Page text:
`create.data.Rd`

This function creates multiple groups of predictor variables which may be correlated within each group, and binary or survival time (without censoring) response according to specified weights of the predictors.

create.data(nvars = c(100, 100, 100, 100, 600), cors = c(0.8, 0, 0.8, 0, 0), associations = c(0.5, 0.5, 0.3, 0.3, 0), firstonly = c(TRUE, FALSE, TRUE, FALSE, FALSE), nsamples = 100, censoring = "none", labelswapprob = 0, response = "timetoevent", basehaz = 0.2, logisticintercept = 0)

nvars | integer vector giving the number of variables of each variable type. The number of variable types is equal to the length of this vector. |
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cors | integer vector of the same length as nvars, giving the population pairwise Pearson correlation within each group. |

associations | integer vector of the same length as nvars, giving the associations of each type with outcome |

firstonly | logical vector of the same length as nvars, specifying whether only the first variable of each type is associated with outcome (TRUE) or all variables of that type (FALSE) |

nsamples | an integer giving the number of observations |

censoring | "none" for no censoring, or a vector of length two c(a,b) for uniform U(a,b) censoring. |

labelswapprob | This provides an option to add uncertainty to binary outcomes by randomly switching labels with probability labelswapprob. The probability of a label being swapped is independent for each observation. The value is ignored if response is "timetoevent" |

response | either "timetoevent" or "binary" |

basehaz | baseline hazard, used for "timetoevent" |

logisticintercept | intercept which is added to X%*%Beta for "binary" |

This function simulates "predictor" variables in one or more groups, which are standard normally distributed. The user can specify the population correlation within each variable group, the association of each variable group to outcome, and whether the first or all variables of that type should be associated with outcome. The simulated response variable can be time to event with an exponential distribution, or binary survival with a logistic distribution.

Returns a list with items:

a summary of the variable types produced

weights of each variable in computing the outcome

covariance matrix used for generating potentially correlated random predictors

dataframe containing the predictors and response. Response is the last column for binary outcome ("outcome"), and the last two columns for timetoevent outcome ("time" and "cens")

Waldron L., Pintilie M., Tsao M.-S., Shepherd F. A., Huttenhower C.*, and Jurisica I.* Optimized application of penalized regression methods to diverse genomic data. (2010). Under review. (*equal contribution)

Depends on the MASS package for correlated random number generation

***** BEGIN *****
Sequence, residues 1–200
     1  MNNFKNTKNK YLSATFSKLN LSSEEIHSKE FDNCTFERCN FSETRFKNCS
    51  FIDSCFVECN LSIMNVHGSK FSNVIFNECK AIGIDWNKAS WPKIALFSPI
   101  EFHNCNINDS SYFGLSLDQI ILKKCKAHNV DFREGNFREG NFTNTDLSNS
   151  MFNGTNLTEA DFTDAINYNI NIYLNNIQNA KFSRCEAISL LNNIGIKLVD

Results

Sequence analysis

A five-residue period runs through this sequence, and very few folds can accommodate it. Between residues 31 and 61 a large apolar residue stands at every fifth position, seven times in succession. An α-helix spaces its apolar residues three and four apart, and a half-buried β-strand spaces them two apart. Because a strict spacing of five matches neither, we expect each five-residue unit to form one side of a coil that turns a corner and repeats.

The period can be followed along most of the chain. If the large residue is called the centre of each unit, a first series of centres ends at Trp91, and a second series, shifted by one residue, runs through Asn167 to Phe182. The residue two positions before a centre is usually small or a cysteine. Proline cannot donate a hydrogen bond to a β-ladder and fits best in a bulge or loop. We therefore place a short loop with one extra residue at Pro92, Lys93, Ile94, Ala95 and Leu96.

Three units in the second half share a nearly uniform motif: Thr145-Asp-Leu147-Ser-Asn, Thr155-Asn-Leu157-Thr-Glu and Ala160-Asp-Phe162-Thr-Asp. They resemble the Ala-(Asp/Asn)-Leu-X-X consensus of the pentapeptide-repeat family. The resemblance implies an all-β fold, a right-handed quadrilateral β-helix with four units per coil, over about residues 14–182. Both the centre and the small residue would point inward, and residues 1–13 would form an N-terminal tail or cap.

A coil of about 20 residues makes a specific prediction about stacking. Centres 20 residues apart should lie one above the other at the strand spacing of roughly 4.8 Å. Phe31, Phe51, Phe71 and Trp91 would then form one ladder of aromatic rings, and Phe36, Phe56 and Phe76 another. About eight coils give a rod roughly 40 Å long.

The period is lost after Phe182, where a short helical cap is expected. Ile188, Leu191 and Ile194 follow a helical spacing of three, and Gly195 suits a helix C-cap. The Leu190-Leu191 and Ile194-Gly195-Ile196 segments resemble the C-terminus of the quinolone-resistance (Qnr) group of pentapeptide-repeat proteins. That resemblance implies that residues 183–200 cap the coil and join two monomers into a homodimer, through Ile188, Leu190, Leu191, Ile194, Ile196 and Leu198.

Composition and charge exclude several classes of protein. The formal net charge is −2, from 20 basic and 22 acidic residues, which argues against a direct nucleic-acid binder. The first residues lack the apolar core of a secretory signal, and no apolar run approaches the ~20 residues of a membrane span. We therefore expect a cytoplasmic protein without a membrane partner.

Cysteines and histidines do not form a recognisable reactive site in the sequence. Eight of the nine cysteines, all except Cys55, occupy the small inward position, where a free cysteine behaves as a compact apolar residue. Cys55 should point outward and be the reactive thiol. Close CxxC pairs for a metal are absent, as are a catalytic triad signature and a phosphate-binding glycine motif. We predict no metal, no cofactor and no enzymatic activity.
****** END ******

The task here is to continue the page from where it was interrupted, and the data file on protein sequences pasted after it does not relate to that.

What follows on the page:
##binary outcome example set.seed(9) x <- create.data( nvars = c(15, 5), cors = c(0, 0.8), associations = c(0, 2), firstonly = c(TRUE, TRUE), nsamples = 50, response = "binary", logisticintercept = 0.5 ) summary(x)#> Length Class Mode #> summary 6 data.frame list #> associations 20 -none- numeric #> covariance 400 -none- numeric #> data 21 data.frame listx$summary#> start end cors associations num firstonly #> a 1 15 0.0 0 15 TRUE #> b 16 20 0.8 2 5 TRUE#> Warning: glm.fit: algorithm did not converge#> Warning: glm.fit: fitted probabilities numerically 0 or 1 occurredsummary(model)#> #> Call: #> glm(formula = outcome ~ ., family = binomial, data = x$data) #> #> Deviance Residuals: #> Min 1Q Median 3Q Max #> -2.156e-04 -2.100e-08 2.100e-08 4.490e-06 2.110e-04 #> #> Coefficients: #> Estimate Std. Error z value Pr(>|z|) #> (Intercept) 394.817 40723.092 0.010 0.992 #> a.1 -2.017 8340.192 0.000 1.000 #> a.2 1054.116 107650.687 0.010 0.992 #> a.3 432.929 41344.208 0.010 0.992 #> a.4 187.507 21631.886 0.009 0.993 #> a.5 -403.302 39003.798 -0.010 0.992 #> a.6 -236.102 20862.924 -0.011 0.991 #> a.7 -258.201 23085.549 -0.011 0.991 #> a.8 7.364 18988.262 0.000 1.000 #> a.9 229.596 21020.703 0.011 0.991 #> a.10 -519.764 55465.620 -0.009 0.993 #> a.11 -718.759 73461.234 -0.010 0.992 #> a.12 94.096 16745.928 0.006 0.996 #> a.13 -619.513 65350.574 -0.009 0.992 #> a.14 585.887 61785.544 0.009 0.992 #> a.15 -271.199 30368.663 -0.009 0.993 #> b.1 447.844 49587.944 0.009 0.993 #> b.2 -100.723 21001.800 -0.005 0.996 #> b.3 -197.254 35209.129 -0.006 0.996 #> b.4 1540.346 146783.886 0.010 0.992 #> b.5 -1080.818 105901.366 -0.010 0.992 #> #> (Dispersion parameter for binomial family taken to be 1) #> #> Null deviance: 6.6406e+01 on 49 degrees of freedom #> Residual deviance: 3.7489e-07 on 29 degrees of freedom #> AIC: 42 #> #> Number of Fisher Scoring iterations: 25 #>dat <- t(as.matrix(x$data[, -match("outcome", colnames(x$data))])) heatmap(dat, ColSideColors = ifelse(x$data$outcome == 0, "black", "white"))##censored survival outcome example: set.seed(1) x <- create.data( nvars = c(15, 5), cors = c(0, 0.8), associations = c(0, 2), firstonly = c(TRUE, TRUE), nsamples = 50, censoring = c(2, 10), response = "timetoevent" ) sum(x$data$cens == 0) / nrow(x$data) #34 percent censoring#> [1] 0.44